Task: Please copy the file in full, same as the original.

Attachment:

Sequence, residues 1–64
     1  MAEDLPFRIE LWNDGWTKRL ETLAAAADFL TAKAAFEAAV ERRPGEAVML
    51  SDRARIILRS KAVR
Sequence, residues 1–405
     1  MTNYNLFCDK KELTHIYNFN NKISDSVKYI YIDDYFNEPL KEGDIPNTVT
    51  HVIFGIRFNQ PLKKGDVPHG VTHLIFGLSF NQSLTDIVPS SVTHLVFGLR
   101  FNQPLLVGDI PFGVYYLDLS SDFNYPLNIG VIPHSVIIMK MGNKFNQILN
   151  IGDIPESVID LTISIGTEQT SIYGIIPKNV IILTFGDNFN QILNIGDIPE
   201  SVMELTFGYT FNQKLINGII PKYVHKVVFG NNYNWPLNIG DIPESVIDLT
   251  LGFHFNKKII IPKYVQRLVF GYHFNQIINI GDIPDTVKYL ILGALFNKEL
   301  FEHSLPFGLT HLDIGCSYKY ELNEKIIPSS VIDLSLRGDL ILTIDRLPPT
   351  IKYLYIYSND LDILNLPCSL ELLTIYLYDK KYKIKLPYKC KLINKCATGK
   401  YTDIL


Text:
Sequence, residues 1–64
     1  MAEDLPFRIE LWNDGWTKRL ETLAAAADFL TAKAAFEAAV ERRPGEAVML
    51  SDRARIILRS KAVR
Sequence, residues 1–405
     1  MTNYNLFCDK KELTHIYNFN NKISDSVKYI YIDDYFNEPL KEGDIPNTVT
    51  HVIFGIRFNQ PLKKGDVPHG VTHLIFGLSF NQSLTDIVPS SVTHLVFGLR
   101  FNQPLLVGDI PFGVYYLDLS SDFNYPLNIG VIPHSVIIMK MGNKFNQILN
   151  IGDIPESVID LTISIGTEQT SIYGIIPKNV IILTFGDNFN QILNIGDIPE
   201  SVMELTFGYT FNQKLINGII PKYVHKVVFG NNYNWPLNIG DIPESVIDLT
   251  LGFHFNKKII IPKYVQRLVF GYHFNQIINI GDIPDTVKYL ILGALFNKEL
   301  FEHSLPFGLT HLDIGCSYKY ELNEKIIPSS VIDLSLRGDL ILTIDRLPPT
   351  IKYLYIYSND LDILNLPCSL ELLTIYLYDK KYKIKLPYKC KLINKCATGK
   401  YTDIL